Unredacted Court Docs Reveal Yahoo’s Name and Other Top-Secret Stuff

<a href="https://www.flickr.com/photos/digitalegesellschaft/9074745005/in/photolist-ePUrwM-eQ6HpJ-eXTTrx-ePUj64-eQ6Wvu-ePUBNe-ePUh1D-eQ6o3y-eQ6PzC-ePUs66-ePUeW4-ePUAJn-eQ6zaf-eQ6v3S-eQ74rb-eQ6DTA-ePUfwP-ePUBe8-ePU1xV-eQ6zLh-eQ6fbs-ePU8uv-ePUbKF-ePTUxT-ePUkBa-ePUdot-ePUAfV-eQ6NMf-eQ6vGY-ePUqaB-ePTWQX-eQ6ZZS-eQ6T97-ePUz4H-eQ6MbW-ePUtQv-ePUraH-ePUfUk-ePUxga-ePUcmD-ePUcXv-eQ6DiW-ePTRHi-ePUxXB-eQ6pLU-ePUvxc-ePUoEK-eQ6fRY-eQ6UWY-eQ6Ram">Digitale Gesselschaft</a>/Flickr

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Yahoo has just released 1,500 pages of previously classified documents relating to its legal challenge to the government’s warrantless wiretapping program. Yahoo lost the case in 2008 and was ordered to cooperate with National Security Agency or face a $250,000 fine for every day that it withheld its customers’ data. The ruling in Foreign Intelligence Surveillance Court, which was released to the public only in heavily redacted form, became a legal precedent for the warrantless wiretapping program that was later revealed by NSA whistleblower Edward Snowden.

Today, based on a successful appeal by Yahoo, a slightly less redacted version of that court ruling finally became public.

Below, I’ve posted the more lightly redacted version released today as well as the redacted version of the ruling released in 2008. A side-by-side reading of the two documents may offer some insight into how the government has sought to cover up the true nature of its surveillance activities, or it might just be an example of how little has changed.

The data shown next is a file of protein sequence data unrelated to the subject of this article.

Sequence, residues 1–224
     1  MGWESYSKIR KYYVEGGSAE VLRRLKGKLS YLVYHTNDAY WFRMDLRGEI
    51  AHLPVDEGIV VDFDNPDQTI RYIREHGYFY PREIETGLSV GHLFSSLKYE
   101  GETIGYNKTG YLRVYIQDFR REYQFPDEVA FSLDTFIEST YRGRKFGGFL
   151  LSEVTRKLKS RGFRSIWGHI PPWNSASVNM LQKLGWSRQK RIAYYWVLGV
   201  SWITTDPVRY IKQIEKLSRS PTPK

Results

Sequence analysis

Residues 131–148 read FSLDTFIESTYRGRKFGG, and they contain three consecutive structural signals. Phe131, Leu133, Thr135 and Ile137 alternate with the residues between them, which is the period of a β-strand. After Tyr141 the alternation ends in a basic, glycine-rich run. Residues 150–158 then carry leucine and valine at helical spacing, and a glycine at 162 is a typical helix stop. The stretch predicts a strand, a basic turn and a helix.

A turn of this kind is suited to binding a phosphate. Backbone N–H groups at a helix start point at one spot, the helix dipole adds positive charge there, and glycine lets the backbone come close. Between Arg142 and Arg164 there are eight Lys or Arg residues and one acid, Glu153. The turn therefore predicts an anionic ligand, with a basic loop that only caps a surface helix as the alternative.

The new version of the ruling is notable for what it doesn’t disclose: Key evidence presented by the government. A block of text that had previously been removed from the ruling still does not fully explain why warrantless searches are necessary to thwart terrorists:

Scanning the 1,500 pages of newly unsealed documents will take a while. Here are few examples of new information contained in the partially unredacted ruling:

  • The name of the plaintiff (Yahoo) and its law firm
  • A footnote defining the term “surveillance” to mean “acquisitions of foreign intelligence information.” But part of the definition of the term still remains redacted.
  • The date when the government moved to force Yahoo to comply with the order (November 21, 2007)
  • A mention of “linking procedures” (defined as “procedures that link [redacted] targets.”) as a one of the safeguards against unreasonable searches

You can help us out by pointing out any other interesting tidbits in the comments; we’ll note additional highlights here if we find anything worth noting.

The slightly less redacted ruling released today:

 

 

 

The original redacted court ruling:

 

 

 

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is the first thing despots go after. An unwavering commitment to it is probably what draws you to Mother Jones' journalism. And as we're seeing in the US and the world around, authoritarians seek to poison the discourse and the way we relate to each other because they can't stand people coming together around a shared sense of the truth—it's a huge threat to them.

Which is also a pretty great way to describe Mother Jones' mission: People coming together around the truth to hold power accountable.

And right now, we need to raise about $400,000 from our online readers over the next two months to hit our annual goal and make good on that mission. Read more about the information war we find ourselves in and how people-powered, independent reporting can and must rise to the challenge—and please support our team's truth-telling journalism with a donation if you can right now.

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